- It is advised to keep all applications up to date, paying special attention to front-end applications, as well as remote access applications, to counter CVE-2019-19781, CVE-2020-0688, CVE 2019-10149, CVE-2018-13379, and CVE-2020-1472. See Table 1 for patch information about these CVEs.
|Vulnerability||Products at risk||Patch information|
- Follow Microsoft’s guidance on monitoring activity related to the Netlogon vulnerability (CVE-2020-1472).
- As far as possible, it is advisable to prevent all external communications from running over SMB (or similar protocols) by blocking TCP ports 139 and 445 and UDP port 137. More information in the CISA Guide SMB Security Best Practices
- Implement the prevention, detection, and containment strategies described in more detail below:
- CISA Alert TA15-314A – Compromised Web Servers and Web Shells – Threat Awareness and Guidance.
- NSA’s cybersecurity fact sheet U/OO/134094-20 – Detect and Prevent Web Shells Malware.
- Isolate outbound services in a DMZ, as they are more exposed to attacks; enable logging and monitor logs for signs of attack
- Establish a training mechanism to educate end-users on proper email and web usage, highlight up-to-date information and analysis, and identify common indicators of phishing.
- Provide end-users with clear instructions on how to report unusual or suspicious emails.
- Implement application controls to allow execution only from specific application directories. System administrators can implement this via Microsoft Software Restriction Policy, AppLocker, or similar software. Secure defaults allow applications to run from PROGRAMFILES, PROGRAMFILES(X86) and WINDOWS folders. All other locations should not be allowed.
- Block RDP connections originating from untrusted external addresses.
Comprehensive account resets
For accounts where NTLM hashes or Kerberos tickets may have already been compromised (e.g., by CVE-2020-1472), a double password reset may be required to prevent further access. For domain admin credentials, a reset of the KRB-TGT “Golden Tickets” may be necessary. Microsoft has already provided a guide for this. Such a reset must be done with great care.
If there is a compromise of the Netlogon activities (CVE-2020-1472) or other indicators for a misuse of credentials, then it must be assumed that ATP has compromised the AD Admin accounts.
In such a case, the AD forest must not be trusted completely, and therefore a new forest must be used. Existing hosts of the old, compromised forest cannot be migrated without being remounted on the new domain. In this case, through “Creative Destruction”, the endpoints in the old forest must be decommissioned, and new ones can be created in the new forest. This must be done both on-premises and in Azure hosted AD instances.
Note that a complete reset of AD forests is very difficult and complex, it is best to perform this task under the supervision of skilled personnel who already have experience.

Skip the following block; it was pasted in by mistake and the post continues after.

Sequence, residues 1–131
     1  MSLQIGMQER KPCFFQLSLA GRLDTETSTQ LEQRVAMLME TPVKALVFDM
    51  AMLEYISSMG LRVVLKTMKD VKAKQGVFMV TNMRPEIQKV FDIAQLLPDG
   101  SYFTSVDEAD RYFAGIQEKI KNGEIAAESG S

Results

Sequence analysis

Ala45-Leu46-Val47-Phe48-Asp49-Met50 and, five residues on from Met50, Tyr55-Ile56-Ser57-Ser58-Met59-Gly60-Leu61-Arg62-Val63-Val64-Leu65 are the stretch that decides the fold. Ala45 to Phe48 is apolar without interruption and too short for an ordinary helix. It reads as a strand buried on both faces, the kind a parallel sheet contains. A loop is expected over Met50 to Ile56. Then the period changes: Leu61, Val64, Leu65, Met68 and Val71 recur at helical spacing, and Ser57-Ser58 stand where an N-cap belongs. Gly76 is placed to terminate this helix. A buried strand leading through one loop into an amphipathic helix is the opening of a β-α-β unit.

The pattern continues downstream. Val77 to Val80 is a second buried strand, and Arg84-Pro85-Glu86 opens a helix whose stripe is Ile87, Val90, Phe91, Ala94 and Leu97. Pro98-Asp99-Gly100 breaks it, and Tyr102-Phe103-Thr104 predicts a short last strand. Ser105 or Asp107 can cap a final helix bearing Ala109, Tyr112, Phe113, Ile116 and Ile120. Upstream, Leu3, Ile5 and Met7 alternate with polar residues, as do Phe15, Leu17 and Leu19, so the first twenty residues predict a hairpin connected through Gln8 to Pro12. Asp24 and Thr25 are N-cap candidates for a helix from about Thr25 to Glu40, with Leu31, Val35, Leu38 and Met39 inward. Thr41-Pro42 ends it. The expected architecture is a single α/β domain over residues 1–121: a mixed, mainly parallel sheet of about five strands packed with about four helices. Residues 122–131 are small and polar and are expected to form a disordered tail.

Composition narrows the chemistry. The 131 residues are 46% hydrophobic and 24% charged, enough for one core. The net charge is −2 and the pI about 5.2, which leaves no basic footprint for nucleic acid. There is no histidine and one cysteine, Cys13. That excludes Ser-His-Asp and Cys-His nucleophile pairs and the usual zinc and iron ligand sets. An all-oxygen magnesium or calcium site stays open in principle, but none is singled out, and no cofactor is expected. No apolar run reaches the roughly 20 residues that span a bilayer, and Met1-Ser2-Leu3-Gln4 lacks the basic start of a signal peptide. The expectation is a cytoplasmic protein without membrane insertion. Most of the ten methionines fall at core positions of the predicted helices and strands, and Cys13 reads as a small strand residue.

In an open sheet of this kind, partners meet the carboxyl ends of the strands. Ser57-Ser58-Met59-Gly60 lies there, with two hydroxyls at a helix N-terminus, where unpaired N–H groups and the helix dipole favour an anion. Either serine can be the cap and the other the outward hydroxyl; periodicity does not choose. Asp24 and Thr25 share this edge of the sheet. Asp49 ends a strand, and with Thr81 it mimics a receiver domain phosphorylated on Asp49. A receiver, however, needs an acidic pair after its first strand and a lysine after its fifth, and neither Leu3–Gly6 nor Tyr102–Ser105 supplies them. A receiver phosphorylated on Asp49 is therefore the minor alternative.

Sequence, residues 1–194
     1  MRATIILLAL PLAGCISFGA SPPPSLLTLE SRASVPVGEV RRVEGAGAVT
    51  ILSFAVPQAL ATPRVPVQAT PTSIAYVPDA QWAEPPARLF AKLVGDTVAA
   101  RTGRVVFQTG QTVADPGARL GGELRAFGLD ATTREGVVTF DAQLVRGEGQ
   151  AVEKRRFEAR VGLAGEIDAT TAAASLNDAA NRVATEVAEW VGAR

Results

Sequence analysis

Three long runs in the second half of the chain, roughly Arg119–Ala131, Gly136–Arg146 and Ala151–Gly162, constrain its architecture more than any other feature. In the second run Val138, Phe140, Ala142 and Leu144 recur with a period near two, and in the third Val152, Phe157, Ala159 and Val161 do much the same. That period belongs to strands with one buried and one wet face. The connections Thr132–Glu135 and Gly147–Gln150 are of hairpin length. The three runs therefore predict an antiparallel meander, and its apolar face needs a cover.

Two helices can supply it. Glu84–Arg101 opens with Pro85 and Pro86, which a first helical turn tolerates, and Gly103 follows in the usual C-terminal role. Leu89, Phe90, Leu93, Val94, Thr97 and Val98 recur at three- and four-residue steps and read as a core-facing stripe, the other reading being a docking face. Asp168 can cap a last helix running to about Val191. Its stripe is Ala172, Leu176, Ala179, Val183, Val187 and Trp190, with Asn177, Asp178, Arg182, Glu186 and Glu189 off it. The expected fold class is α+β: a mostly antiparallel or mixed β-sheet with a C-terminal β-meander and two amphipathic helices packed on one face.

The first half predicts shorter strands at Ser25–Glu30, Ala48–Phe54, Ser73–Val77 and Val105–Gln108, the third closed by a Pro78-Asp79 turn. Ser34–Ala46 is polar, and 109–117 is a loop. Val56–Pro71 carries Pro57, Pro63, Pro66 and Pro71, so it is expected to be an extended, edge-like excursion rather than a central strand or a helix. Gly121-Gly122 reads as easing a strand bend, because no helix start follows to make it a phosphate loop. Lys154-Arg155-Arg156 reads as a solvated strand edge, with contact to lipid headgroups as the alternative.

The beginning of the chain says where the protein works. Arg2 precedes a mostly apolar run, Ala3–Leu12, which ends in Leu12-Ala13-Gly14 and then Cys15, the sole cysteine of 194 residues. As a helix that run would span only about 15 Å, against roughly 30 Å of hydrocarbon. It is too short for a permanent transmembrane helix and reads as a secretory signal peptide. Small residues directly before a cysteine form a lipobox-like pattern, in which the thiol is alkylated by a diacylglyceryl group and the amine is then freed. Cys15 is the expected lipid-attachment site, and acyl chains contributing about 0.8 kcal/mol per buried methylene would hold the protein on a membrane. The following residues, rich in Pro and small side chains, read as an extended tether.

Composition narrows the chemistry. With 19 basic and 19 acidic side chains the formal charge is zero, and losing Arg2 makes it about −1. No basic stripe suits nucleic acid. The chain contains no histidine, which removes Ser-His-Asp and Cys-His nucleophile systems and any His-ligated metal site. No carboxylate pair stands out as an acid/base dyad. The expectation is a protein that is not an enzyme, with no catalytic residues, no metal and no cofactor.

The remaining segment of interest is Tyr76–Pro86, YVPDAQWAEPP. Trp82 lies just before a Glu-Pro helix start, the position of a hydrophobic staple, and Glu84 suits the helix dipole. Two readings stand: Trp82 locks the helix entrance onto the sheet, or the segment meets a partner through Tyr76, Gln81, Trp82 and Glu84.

It is important that a complete password reset is performed on all users and computer accounts in the AD forest. The following points serve as a guide
- Create a temporary admin account, and use this account for administrative purposes only.
- Reset the Kerberos ticket granting ticket (krbtgt).  This must be done before taking any further steps.
- Wait until the krbtgt reset has arrived at all domain controllers. (The time may vary)
- Reset all account passwords (passwords should contain at least 15 characters or more):
- User accounts (enforced, without reusing legacy passwords)
- Local accounts on hosts (including local accounts not covered by LASP)
- Service accounts
- Directory services recovery mode account (DSRM)
- Domain control system
- Application passwords
- Reset the krbtgt password again
- Wait until the krbtgt reset has arrived at all domain controllers. (The time may vary)
- Restart the domain controllers
- Restart all endpoints
The following accounts should be reset:
- AD Kerberos Authenticator Master (2x)
- All Active Directory accounts
- All AD Admin accounts
- All AD Service Accounts
- All AD user accounts
- DSRM account of the domain controller
- Non-AD privileged accounts
- Non-AD Unprivileged Application Accounts
- Non-Windows Privileged Accounts
- Non-Windows user accounts
- Windows Computer Accounts
- Windows local admin
Implement the following recommendations for VPN security:
- Update VPNs, network infrastructure devices, and devices used to remotely access work environments with the latest software patches and security configurations. See the CISA tip Understanding Patches and Software Updates and Securing Network Infrastructure Devices. If possible, enable automatic updates.
- Implement MFA on all VPN connections to increase security. Physical security tokens are the most secure form of MFA, followed by MFA based on authentication applications. SMS and email-based MFA should only be used when no other forms are available. If MFA is not implemented, require strong passwords from affected employees.
Turn off unused VPN servers. Reduce your organization’s attack surface by turning off unused VP servers that can serve as entry points for attackers. Protect your organization from VPN vulnerabilities:
- Audit configuration and patch management tools.
- Monitor network traffic for unexpected and unauthorized protocols, especially outbound protocols to the Internet (e.g., SSH, SMB, RDP).
- Implement MFA, especially for privileged accounts.
- Use separate management accounts on separate management workstations.
- Keep software up to date. Enable Automatic Updates if possible.